Bryan Voltaggio's Family Meal, which offers comfort food classics during the holiday season, opens new locations in Ashburn, Virginia, and Baltimore.
Bryan Voltaggio brings elevated—but still recognizable—comfort food dishes, including deviled eggs, to his Family Meal restaurants.
It’s a sunny Friday morning in early October. Bryan Voltaggio is sipping a mug of coffee at the counter of his deluxe diner, Family Meal, in Frederick, Maryland. Plates brimming with bourbon-glazed sticky buns, crab-packed waffles gussied up with Benedict fixin’s, and biscuits drenched in sausage gravy come out of the kitchen regularly. Later in the day, the menu focuses on hearty heartland favorites, such as mama’s-style meatloaf, deviled eggs, and fried chicken. “It’s approachable, recognizable food that you can feel good about feeding your family,” says Voltaggio. “Better yet, you don’t need to do any work at home.”
Dressed in jeans, a plaid shirt, and an insulated vest to ward off the snappy fall air, the 38-year-old chef-restaurateur could be mistaken for a customer fueling up before heading to the office. Though he still spends a lot of time in chef whites at his establishments—including modernist flagship Volt nearby in Frederick, the sweeping European market-style Range in Chevy Chase, and its restaurant-within-a-restaurant Aggio—he is spending a growing amount of time expanding his epicurean empire.
His latest efforts include debuting a bevy of new Family Meal locations, which will all be open for breakfast, lunch, and dinner seven days a week, just like a classic roadside diner. Ashburn, Virginia, and Pier 4 in the Baltimore Harbor are set to open by the end of this year, while an outpost in Richmond, Virginia, is coming in early 2015. There are further plans to open another on DC’s waterfront, but the particulars haven’t been finalized. “Family Meal hits a sweet spot for everyone,” he says. “My goal is to create a chef-driven brand that works in the suburbs and can be an everyday restaurant for a variety of people.”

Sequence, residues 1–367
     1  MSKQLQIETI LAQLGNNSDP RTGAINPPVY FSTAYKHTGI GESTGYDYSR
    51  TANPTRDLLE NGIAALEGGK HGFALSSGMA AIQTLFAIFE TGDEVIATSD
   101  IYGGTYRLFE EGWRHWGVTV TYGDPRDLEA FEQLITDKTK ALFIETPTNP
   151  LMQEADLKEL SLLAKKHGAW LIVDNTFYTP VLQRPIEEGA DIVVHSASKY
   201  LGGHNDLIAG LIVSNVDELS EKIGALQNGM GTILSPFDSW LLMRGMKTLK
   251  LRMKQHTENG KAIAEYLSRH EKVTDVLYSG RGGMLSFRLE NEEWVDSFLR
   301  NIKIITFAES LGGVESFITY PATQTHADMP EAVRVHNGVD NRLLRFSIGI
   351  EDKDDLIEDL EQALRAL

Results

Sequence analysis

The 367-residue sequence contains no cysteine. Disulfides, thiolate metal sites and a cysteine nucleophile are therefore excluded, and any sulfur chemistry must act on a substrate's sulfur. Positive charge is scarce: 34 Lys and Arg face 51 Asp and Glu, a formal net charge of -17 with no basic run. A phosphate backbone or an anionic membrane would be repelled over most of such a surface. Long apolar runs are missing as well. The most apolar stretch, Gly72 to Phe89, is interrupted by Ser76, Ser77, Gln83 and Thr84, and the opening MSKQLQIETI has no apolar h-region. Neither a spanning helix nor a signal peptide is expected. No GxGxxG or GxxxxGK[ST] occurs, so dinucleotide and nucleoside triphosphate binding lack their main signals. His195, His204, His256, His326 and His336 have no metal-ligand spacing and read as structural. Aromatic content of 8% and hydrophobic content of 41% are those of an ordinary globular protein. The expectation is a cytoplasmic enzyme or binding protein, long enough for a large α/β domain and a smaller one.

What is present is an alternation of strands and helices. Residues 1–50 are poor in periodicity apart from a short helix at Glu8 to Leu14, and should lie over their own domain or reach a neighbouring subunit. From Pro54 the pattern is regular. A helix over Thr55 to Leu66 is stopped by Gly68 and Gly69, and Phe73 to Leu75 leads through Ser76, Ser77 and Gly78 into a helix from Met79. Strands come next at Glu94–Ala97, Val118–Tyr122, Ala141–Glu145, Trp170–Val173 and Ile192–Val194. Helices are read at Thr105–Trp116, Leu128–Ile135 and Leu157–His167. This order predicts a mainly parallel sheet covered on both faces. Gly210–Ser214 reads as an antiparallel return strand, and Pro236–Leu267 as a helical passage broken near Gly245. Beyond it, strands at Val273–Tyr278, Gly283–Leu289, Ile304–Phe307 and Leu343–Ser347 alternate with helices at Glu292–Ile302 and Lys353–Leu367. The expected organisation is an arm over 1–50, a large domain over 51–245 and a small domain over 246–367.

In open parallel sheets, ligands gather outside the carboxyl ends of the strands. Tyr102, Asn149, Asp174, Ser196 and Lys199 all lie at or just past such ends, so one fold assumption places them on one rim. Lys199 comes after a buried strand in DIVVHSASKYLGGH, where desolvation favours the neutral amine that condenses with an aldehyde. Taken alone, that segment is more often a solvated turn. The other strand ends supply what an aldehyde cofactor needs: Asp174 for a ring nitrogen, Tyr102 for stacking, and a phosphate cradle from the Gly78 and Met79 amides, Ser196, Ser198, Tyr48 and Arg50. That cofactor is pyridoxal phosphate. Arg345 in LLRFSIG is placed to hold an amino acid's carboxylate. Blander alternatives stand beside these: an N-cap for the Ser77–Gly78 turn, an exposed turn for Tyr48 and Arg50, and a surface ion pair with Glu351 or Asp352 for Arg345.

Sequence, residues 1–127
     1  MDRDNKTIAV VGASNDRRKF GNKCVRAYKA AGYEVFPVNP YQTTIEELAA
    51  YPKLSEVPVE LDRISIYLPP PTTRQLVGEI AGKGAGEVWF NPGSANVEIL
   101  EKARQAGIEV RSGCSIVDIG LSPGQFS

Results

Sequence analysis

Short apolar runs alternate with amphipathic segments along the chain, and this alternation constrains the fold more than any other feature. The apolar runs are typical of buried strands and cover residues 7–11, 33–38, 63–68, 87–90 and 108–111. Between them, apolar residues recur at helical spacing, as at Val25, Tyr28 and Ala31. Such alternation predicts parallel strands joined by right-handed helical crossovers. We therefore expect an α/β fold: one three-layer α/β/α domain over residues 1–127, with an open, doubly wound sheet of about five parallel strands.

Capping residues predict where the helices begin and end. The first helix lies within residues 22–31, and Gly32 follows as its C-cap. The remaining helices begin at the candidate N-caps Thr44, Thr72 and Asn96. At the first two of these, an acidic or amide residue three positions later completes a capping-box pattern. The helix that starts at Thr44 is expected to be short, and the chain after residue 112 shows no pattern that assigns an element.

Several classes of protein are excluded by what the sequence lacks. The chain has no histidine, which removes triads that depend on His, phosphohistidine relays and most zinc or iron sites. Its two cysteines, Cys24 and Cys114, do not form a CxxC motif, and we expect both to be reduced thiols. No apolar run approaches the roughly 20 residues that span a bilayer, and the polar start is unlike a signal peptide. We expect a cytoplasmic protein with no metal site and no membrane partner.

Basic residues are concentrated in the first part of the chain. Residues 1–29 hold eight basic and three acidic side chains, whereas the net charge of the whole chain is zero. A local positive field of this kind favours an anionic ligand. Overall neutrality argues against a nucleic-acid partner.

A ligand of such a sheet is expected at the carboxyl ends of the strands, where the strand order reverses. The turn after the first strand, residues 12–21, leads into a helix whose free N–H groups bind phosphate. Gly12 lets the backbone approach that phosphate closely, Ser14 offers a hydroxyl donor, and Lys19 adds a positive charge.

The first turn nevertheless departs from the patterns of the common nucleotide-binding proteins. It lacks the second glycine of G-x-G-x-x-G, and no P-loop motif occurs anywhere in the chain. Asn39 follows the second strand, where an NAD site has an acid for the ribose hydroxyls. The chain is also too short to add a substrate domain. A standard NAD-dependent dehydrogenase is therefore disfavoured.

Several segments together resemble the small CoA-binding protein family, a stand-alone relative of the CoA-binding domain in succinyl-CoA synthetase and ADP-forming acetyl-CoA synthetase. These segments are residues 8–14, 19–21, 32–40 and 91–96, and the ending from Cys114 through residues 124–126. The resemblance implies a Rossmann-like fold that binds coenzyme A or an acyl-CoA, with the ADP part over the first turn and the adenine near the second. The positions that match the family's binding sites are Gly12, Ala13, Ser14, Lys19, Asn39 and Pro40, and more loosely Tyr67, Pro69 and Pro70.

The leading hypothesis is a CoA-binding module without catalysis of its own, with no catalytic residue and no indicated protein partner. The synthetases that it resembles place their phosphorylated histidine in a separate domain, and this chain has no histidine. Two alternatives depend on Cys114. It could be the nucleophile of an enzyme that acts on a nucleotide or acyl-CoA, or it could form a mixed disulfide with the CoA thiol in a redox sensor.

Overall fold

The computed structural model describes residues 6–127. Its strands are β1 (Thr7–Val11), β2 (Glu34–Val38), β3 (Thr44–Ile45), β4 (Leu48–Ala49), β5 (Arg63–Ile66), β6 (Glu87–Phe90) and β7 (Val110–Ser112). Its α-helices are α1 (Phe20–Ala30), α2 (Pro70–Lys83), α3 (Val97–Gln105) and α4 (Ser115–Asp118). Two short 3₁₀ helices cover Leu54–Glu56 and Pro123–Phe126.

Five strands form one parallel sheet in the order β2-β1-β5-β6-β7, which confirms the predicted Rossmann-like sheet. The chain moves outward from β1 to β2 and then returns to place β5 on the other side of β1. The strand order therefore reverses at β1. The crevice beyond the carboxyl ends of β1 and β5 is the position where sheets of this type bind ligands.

It’s a concept rich with nostalgia—and not just for the days of slurping milkshakes while listening to Buddy Holly on the jukebox. “The American family is not getting to the dinner table as much as it used to anymore,” explains Voltaggio, “so I’m trying to create a spot where people get to do that again. When [business partner] Hilda [Staples] and I were talking about what we wanted this restaurant to be, we believed we were creating these restaurants for our families, because we are so busy ourselves.”
Menus will contain a set number of standard dishes complemented by regionally and seasonally inspired fare. Voltaggio is quick to say that he isn’t trying to create a chain restaurant, though he fully admits he is trying to compete with them. “I can’t do a three-course dinner for $9.99 like they do,” he says, “but you do know you’ll get a better product when you come here.”
Fried chicken with buttermilk biscuits, pickles, and sides, including braised collard greens.
To hone the menu, he has been vigorously recipe testing with his team of chefs in the kitchen at Range. “Every dish, we’re dissecting it, ripping it apart, and putting it back together to make sure that it’s the best we can do,” he says.
Part of the reason he is expanding Family Meal now is because he has a robust staff on his payroll, including many people who have been with him since the days when he only owned Volt. “I have the chefs that are going into all of them,” he says, “so I can knock all these new locations out with people I know and trust in charge of them.”
Perhaps when these new spots are up and running, Voltaggio will be able to take a step back and enjoy some well-earned time with his family. Until then, there’s work to be done. He takes a last sip of coffee, says his good-byes, and heads out into the autumn day. 880 N. East St., Frederick, MD, 301-378-2895